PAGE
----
The swift technological response to the deadly Ebola virus highlights the power of new technologies to engage urgent human problems—and also reveals the limits to engineering solutions to emerging diseases.
Crises spawn innovations. In the face of seemingly unstoppable threats, new technologies are rushed into service, aided by removing normal constraints on adoption. New clinical trials are planned, resources mobilized. More risks are taken because humans facing death accept novel improvisations.
In the case of Ebola, the results are heartening. Enough infected people have been saved to raise the hope of a general cure. Yet the lessons aren’t clear. Ebola and other lethal infectious diseases confuse as much as they clarify the potential for technology to improve the health of sub-Saharan Africans, who live under the highest incidence of infectious diseases in the world.
Even if Ebola is knocked down, Africans face chronic ailments such as diabetes and heart disease, which arise as more Africans prosper and adopt sedentary, calorie-rich lifestyles. They still fight malaria and many neglected tropical diseases. And they also suffer from a high rate of HIV/AIDS.
The mobile phone, Africa’s most important digital technology, is boosting African health as it emerges as a platform for diagnosis and treatment. In 2000, few Africans had a phone; today, about three-quarters do. Mobile phones also give Africans the chance to engineer their own solutions. At Uganda’s Makerere University, for instance, researchers are designing software that turns phones into microscopes. Others are using computers to predict the spread of malaria and to translate medical advice from English into local languages.
In parallel, a slew of global innovators are bringing instant diagnostics to market. Like Daktari Diagnostics [see “Portable Pathology for Africa,” in this issue], they target Africa and other regions where medical care is often absent or of poor quality. Yet information isn’t enough. Treatment costs money. Fake medicines reduce confidence in therapies. Disease is often viewed as a personal failing and a source of shame. Even when patients do everything right, they may die, sowing suspicion.
These complex factors play on the mind of Sakwa, a successful 44-year-old farmer in eastern Uganda whom I’ve known since 2006. Last June, when I reached his home for a visit, his mother greeted me, and I immediately feared that Sakwa had become a widower.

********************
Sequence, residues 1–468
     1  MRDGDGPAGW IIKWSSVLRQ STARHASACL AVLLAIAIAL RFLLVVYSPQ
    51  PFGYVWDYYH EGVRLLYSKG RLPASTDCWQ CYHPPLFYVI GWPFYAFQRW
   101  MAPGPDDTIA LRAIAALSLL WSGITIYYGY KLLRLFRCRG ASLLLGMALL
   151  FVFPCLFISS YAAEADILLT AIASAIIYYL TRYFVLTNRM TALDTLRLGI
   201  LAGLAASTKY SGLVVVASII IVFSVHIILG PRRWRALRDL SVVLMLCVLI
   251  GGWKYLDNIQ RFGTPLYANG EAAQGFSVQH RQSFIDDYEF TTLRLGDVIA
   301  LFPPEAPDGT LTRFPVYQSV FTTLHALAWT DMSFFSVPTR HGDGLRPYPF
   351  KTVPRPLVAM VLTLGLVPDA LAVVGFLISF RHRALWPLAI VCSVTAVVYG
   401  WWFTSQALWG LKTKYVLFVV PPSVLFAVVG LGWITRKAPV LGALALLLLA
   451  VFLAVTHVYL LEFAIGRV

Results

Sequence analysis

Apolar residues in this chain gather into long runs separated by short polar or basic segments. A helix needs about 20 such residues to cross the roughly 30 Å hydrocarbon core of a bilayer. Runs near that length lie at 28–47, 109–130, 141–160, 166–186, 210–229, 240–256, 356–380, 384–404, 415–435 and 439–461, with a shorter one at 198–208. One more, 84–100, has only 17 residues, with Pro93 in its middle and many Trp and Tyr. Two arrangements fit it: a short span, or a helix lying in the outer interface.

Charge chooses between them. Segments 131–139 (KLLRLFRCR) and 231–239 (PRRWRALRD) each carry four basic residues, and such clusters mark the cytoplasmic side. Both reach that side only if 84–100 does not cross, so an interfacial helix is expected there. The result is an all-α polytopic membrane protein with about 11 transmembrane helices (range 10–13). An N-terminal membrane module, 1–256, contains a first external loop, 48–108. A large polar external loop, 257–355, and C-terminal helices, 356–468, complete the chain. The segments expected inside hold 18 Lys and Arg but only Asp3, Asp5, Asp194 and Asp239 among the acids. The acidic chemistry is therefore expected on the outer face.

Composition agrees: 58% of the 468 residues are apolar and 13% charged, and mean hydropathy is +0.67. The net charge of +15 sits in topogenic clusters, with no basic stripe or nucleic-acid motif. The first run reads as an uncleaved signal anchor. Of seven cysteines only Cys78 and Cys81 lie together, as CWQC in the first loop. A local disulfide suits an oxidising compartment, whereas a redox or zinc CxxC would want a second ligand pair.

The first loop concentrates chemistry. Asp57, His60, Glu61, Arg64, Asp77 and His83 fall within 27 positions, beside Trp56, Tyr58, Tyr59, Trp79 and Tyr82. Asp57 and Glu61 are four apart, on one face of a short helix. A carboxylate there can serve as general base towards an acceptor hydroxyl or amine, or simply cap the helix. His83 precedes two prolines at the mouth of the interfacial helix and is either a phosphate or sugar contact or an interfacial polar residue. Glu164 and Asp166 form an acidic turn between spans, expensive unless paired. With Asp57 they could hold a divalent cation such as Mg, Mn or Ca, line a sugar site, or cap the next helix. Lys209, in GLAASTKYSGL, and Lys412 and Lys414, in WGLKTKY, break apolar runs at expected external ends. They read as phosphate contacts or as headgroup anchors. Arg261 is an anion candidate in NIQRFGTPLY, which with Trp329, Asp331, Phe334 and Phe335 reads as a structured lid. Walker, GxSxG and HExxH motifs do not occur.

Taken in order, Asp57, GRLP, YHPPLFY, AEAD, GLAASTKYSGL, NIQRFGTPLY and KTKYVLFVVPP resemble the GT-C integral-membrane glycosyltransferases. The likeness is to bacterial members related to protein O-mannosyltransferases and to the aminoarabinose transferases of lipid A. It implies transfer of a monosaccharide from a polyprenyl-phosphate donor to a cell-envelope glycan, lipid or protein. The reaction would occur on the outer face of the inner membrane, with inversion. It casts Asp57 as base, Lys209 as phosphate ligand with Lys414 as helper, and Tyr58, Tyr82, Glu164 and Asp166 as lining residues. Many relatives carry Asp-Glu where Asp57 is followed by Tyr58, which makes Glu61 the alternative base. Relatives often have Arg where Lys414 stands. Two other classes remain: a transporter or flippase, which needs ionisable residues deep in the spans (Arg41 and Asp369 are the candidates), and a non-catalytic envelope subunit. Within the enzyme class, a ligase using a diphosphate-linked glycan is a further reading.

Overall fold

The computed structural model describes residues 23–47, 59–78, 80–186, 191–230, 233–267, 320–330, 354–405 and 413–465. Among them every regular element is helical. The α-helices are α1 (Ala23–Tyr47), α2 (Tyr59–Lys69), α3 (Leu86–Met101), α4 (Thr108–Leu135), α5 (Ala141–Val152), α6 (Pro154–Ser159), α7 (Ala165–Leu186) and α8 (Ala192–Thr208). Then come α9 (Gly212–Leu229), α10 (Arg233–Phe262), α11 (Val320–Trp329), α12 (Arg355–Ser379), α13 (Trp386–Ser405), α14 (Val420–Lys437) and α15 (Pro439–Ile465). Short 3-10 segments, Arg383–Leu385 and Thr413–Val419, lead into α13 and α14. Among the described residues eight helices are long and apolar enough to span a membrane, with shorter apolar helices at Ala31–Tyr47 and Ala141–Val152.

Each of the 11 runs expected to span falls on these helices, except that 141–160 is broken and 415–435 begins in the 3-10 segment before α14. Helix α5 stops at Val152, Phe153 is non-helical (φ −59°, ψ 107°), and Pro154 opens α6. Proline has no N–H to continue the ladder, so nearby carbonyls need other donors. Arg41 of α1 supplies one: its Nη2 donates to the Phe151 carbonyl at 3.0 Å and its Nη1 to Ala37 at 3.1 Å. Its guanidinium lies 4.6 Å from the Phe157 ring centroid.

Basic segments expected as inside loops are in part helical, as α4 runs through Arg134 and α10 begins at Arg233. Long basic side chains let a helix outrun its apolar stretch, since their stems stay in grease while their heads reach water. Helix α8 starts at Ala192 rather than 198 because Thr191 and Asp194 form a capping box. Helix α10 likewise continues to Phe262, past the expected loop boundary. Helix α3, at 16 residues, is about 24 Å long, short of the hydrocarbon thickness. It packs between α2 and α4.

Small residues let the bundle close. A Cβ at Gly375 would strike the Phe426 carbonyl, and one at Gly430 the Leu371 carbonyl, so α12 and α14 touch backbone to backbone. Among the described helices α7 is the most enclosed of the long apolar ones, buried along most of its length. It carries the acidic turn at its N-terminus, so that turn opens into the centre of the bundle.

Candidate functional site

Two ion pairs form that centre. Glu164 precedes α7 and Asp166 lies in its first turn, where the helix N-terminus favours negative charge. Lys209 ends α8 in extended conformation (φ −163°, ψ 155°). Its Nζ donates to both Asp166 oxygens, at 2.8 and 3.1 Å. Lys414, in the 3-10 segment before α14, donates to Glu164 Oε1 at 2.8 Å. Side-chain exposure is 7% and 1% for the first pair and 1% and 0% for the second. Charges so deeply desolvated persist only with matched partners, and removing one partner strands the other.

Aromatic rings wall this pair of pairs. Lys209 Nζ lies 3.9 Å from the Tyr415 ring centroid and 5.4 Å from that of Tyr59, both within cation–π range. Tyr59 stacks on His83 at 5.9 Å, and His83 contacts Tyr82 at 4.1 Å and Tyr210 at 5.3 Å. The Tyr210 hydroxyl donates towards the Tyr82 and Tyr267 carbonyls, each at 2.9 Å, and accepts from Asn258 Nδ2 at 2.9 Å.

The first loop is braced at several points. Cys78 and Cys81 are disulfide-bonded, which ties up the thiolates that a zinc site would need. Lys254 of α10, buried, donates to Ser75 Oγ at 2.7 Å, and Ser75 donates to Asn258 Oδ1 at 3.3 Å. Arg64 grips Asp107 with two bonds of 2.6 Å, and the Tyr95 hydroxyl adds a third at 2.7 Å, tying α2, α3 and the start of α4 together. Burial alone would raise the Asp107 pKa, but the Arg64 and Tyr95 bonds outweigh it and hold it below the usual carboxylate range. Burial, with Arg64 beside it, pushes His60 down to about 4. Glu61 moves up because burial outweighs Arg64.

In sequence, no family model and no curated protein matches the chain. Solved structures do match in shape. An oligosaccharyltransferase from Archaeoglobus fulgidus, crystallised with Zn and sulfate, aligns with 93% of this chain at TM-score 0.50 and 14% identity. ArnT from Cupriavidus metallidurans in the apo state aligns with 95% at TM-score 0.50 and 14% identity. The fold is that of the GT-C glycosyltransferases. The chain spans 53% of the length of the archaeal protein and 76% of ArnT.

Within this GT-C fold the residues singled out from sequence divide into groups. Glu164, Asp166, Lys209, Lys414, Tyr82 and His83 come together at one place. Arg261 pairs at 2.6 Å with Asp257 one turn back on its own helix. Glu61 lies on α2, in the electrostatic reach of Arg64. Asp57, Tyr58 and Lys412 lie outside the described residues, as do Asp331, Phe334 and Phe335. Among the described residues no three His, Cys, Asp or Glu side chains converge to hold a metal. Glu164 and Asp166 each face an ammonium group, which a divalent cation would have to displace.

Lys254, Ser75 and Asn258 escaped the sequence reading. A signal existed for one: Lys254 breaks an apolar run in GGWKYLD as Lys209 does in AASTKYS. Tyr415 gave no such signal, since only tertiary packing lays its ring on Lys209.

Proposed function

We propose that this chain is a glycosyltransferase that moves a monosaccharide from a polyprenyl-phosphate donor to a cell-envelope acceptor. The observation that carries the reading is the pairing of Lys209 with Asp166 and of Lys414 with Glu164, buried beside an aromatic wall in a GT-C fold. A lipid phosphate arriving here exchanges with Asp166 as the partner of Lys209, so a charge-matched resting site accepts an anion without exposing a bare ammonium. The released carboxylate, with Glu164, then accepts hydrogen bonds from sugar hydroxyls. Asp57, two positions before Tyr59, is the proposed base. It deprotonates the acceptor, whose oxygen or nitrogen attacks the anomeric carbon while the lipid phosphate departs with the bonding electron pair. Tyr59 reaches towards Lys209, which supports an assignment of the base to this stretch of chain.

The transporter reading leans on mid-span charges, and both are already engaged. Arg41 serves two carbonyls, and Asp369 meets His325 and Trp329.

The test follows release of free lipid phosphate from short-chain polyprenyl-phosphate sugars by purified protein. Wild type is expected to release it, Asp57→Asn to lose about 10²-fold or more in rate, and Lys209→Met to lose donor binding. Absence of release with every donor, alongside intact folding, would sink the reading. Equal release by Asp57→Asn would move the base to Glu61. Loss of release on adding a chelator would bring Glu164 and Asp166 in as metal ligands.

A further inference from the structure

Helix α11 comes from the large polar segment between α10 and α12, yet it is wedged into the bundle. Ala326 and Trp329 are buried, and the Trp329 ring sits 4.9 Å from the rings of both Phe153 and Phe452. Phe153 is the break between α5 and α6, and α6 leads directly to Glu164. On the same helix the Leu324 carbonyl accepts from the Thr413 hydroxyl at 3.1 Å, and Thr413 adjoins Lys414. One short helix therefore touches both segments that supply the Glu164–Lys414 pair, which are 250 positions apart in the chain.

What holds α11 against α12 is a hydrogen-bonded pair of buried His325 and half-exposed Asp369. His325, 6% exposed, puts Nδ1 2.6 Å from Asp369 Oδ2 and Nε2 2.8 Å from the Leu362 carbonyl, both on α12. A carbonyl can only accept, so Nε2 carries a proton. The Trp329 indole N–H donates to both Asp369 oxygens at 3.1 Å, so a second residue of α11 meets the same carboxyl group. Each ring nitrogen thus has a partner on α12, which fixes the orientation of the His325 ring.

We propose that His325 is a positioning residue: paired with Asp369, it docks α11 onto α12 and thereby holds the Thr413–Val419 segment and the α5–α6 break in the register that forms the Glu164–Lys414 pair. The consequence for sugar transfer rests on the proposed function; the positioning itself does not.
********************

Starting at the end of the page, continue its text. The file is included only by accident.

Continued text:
Jessica, his wife, had indeed died of AIDS, despite receiving antiretroviral (ARV) drugs. She may have begun treatment too late or perhaps failed to take the required doses. Her death makes Sakwa question the power of medicine, which is unfortunate—because he has AIDS, too.
On a cool morning, Sakwa drives a 2000 Toyota Corona from his village in the foothills of Mount Elgon to the city of Mbale. He picks me up and we go to the regional hospital, where he must decide whether to begin ARVs. “They make you sick, and if they don’t work, my life will be ruined and I will die anyway,” he says.
Sakwa has much to live for. He is well funded, thanks to a boom in cash crops. He owns a tractor, a truck, two small shops, and his Toyota. He doesn’t fit the stereotype of the poor, uninformed African. Yet even with a diagnosis of HIV/AIDS and tests revealing a weakened immune system, he’s uncertain.
I sit with him as he talks with a counselor. She asks him to start ARV treatment despite worries that he has waited too long to begin. “It’s worth a try,” she says. He agrees to start.
Sakwa’s predicament is Africa’s writ large. Health outcomes depend on human choices. Technologies create options, but they don’t automatically deliver benefits. New digital devices are revolutionizing our understanding of disease in Africa. That helps, but it doesn’t guarantee a revolution in health outcomes.
About the Author
G. Pascal Zachary, a veteran journalist and a professor of practice at Arizona State University, considers health-care technology for sub-Saharan Africa. Last June, on a National Science Foundation grant to study computer science in East Africa, he met with Ugandan researchers who are developing mobile-phone apps for disease detection. While such technologies are promising, he notes, “they’re just the first step in a whole chain of events that have to happen before we’ll see real progress.”